Pirarucu leather, hand-dyed crocodile, and organic conce: the latest eco-sustainable innovations from the prized



Among the latest innovations is the Pirarucu skin, a real opportunity for the world of Fashion.


"The Pirarucu is the largest freshwater fish in the world," explains Enrico Chiesa, general manager of Italhide. It is typical of the Amazon River and has a skin formed by 3-4 cm scales that give it a three-dimensional appearance. It is very resistant, but at the same time soft. As a result of regulations by Brazilian authorities, only local tribes in Amazon reserves can catch Pirarucu to feed themselves and sell it. This, in addition to providing a source of income for the tribes, has generated a virtuous system of protection for the species led to an increase in the amount of fish present by 427 percent, with an annual increase of 25 percent. The skins of caught fish, instead of being abandoned on the sides of lakes and near villages, becoming an unhealthy waste, are processed with a tanning process that is completely organic and free of harmful chemicals, nanoparticles, synthetic dyes and artificial fragrances."

Among Italhide's offerings is an innovative vegan and 100 percent deforestation-free product with characteristics similar to animal skin. "We are commercializing a biodegradable material composed of large tropical leaves, tanned in a totally organic way, which has a very distinctive aesthetic performance. We are currently proposing it for interior decoration and furniture, but we are studying a finish that equals the strength and durability performance of leather."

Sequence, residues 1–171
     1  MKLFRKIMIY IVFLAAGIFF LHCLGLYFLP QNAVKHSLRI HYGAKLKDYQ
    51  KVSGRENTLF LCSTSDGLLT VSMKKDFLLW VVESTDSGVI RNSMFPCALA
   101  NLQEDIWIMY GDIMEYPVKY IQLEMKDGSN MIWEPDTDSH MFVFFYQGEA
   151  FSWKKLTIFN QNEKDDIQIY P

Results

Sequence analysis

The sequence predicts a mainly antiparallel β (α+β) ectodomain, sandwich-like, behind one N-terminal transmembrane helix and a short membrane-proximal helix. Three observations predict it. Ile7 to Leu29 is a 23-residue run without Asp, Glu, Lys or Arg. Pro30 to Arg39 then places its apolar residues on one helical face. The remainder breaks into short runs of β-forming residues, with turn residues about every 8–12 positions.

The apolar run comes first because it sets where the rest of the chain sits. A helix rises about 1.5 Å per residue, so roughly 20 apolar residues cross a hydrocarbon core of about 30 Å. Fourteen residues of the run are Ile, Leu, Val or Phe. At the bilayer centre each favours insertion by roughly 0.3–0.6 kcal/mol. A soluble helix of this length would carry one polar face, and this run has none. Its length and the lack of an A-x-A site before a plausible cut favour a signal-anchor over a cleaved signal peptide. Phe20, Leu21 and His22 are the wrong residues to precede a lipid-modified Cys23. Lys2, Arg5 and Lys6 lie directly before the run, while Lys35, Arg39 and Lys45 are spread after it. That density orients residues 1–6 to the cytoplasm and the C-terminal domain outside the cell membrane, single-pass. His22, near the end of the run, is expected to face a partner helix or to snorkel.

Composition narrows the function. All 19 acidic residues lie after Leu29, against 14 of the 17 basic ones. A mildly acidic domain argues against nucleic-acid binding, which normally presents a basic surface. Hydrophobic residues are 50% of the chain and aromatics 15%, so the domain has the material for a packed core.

A lot of experimentation also goes into special conce and treatments to create out-of-the-ordinary leathers.
"With a Japanese company we process crocodile leather through a traditional natural Indigo leaf dyeing technique called Aizome, traditionally used to paint Samurai kimonos, which results in the characteristic denim blue color. Each piece is dyed by hand and the color is obtained by oxidation. Usually this technique is used with textiles, but we have been able to replicate it on fine leather with excellent results." The search for alternative tanning processes also continues in Italy, thanks to the partnership with White Line of San Miniato.


"Style, innovation and eco-sustainability are at the heart of the product research we are carrying out with White Line: we are experimenting with natural and vegetable tanning and dyeing systems. In addition, thanks to the new purification plant, we will recover 70 percent of the water from leather washing. As for fine leather, we have developed a special processing that allows us to shave crocodile leather to 0.4 mm, making it ideal for ultra-light clothing."

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